Pushing steadily forward, this aerodynamic V reduces air resistance for the whole flock. With wings moving in harmony, the feathered group continues its course across the sky, covering more ground together in community than as individuals.
When the bird at the front gets tired, she will move to the rear of the formation where the wind drag is lowest, and a more rested bird can take her place.
By learning from the example of our winged guides, all of us can feel empowered to take on daring challenges as we chart adventurous courses.
Feel the strength of others moving alongside you, as their presence lends power to your wings during this journey across the sky of life. When buffeted by unexpected gusts, we can choose to find refuge in the loving shelter of friends and family. We may even marvel as an otherwise difficult day passes by like a swift wind, as a kindred spirit charts a way for us through the clouds and rain ahead.
If your wings begin to ache on your journey, look around for somebody else to fly at the front for a while. All of us move faster when we move together. Let your ego drop earthwards as we all soar ever higher.
Okinawa, Japan, is one of the 5 blue zones where people live exceptionally long and healthy lives and is home to the world’s longest-lived women
In Okinawa, people traditionally sit on the floor to read, eat, talk, and relax instead of sitting in chairs, though this practice is dying out among younger generations in Asia.
Okinawan centenarians sit and get up from the floor dozens or hundreds of times per day. This exercises their legs, back, and core in a natural way as they get up and down all day long. Sitting on the floor also improves posture and increases overall strength, flexibility, and mobility.
Studies correlate the “ability to sit and rise from the floor without support” with a longer life expectancy. Sitting on the floor also develops musculoskeletal fitness.
The Danish twin study concluded that the average person’s lifespan is 20% determined by genetics and 80% determined by environment and lifestyle.
Residents in all the blue zones moved all day—every 20 minutes—because their environments were set up that way. A sedentary lifestyle of sitting throughout the day cannot be fixed by trips to the gym.
How to Do It:
An easy way to improve your health and longevity: Create a seating area in your home with cushions on the floor. Do your reading, work, and scrolling there.
Enjoy the change!
Look for patterns that you can embed in your life.
— Read on www.wellandgood.com/blue-zone-guide/
For some people, this revolves around an awareness of the environment, for others it is a spiritual awakening, and for many it is both. A great change in consciousness is sweeping through us all, as we recognize that things are not what they have seemed to be, that there is more to our lives than meets the eye.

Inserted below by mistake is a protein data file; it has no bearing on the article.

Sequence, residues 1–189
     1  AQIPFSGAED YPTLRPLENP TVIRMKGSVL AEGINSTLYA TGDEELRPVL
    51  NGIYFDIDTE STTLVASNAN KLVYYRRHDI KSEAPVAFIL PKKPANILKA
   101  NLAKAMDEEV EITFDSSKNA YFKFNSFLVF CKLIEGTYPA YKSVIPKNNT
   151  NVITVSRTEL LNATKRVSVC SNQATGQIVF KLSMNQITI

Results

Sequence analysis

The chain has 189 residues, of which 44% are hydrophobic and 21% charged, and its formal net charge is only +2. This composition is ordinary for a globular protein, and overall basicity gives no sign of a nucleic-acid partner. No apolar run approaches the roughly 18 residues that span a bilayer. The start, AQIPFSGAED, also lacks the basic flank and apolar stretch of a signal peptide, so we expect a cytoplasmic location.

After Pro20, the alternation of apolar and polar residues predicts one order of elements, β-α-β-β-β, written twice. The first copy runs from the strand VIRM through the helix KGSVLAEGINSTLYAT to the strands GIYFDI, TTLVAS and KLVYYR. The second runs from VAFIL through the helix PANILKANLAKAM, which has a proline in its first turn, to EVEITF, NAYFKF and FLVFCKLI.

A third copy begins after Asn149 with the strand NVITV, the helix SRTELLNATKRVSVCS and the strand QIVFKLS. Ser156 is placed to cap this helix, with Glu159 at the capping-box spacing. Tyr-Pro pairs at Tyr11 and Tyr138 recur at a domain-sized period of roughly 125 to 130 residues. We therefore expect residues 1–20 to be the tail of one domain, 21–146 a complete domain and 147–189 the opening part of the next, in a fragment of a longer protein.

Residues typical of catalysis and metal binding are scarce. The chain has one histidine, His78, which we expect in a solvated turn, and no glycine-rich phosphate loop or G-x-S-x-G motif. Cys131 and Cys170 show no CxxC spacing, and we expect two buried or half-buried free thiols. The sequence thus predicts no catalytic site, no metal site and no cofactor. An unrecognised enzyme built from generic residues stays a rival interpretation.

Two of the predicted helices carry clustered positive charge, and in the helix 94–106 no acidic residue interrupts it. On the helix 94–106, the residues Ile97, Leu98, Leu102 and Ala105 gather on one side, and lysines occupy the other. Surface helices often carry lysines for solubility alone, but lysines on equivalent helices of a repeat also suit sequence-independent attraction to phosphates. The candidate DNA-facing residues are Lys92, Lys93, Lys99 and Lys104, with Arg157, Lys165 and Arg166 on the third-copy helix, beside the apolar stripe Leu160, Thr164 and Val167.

Many of us have the awareness and the energy at this time to break through old, outmoded ways of seeing things and to move into a new way of being in the world, and it is essential that we do so.
The beauty of living at this time is that even small actions have a powerful ripple effect, and the reverberations of what we do have the power to reach and open many minds.
It is as if a scale is about to tip in favor of higher consciousness, and each one of us has the power to bring humanity closer to that point with the smallest of actions.
Each time we move in the direction of our dreams and visions, we can visualize another small pebble dropping into the pond, or another gold weight on the scale, rippling and tipping our way to universal awakening.
By Madisyn Taylor
The classic tale of the tortoise and the hare reminds us that different people take life at different speeds and that one way is not necessarily superior to another. In fact, in the story it is the slower animal that ends up arriving at the destination first.
In the same way, some of us seem to move very quickly through the issues and obstacles we all face in our lives. Others need long periods of time to process their feelings and move into new states of awareness. For those of us who perceive ourselves as moving quickly, it can be painful and exasperating to deal with someone else’s slower pace.
Yet, just like the tortoise and the hare, we all arrive at the same destination together, eventually.
People who take their time with things are probably in the minority in most of the world today. We live in a time when speed and productivity are valued above almost anything else. Therefore, people who flow at a slower pace are out of sync with the world and are often pestered and prodded to go faster and do more.
This can be not only frustrating but also counterproductive because the stress of being pushed to move faster than one is able to move actually slows progress. On the other hand, if a person’s style is honored and supported, they will find their way in their own time and, just like the tortoise, they might just beat the speedier, more easily distracted person to the finish line.
It’s important to remember that we are not actually in a race to get somewhere ahead of someone else, and it is difficult to judge by appearances whether one person has made more progress than another.
Whether you count yourself among the fast movers or as one of the slower folks, we can all benefit from respecting the pace that those around us choose for themselves.
This way, we can keep our eyes on our own journey, knowing that we will all end up together in the end.
By Madyson Taylor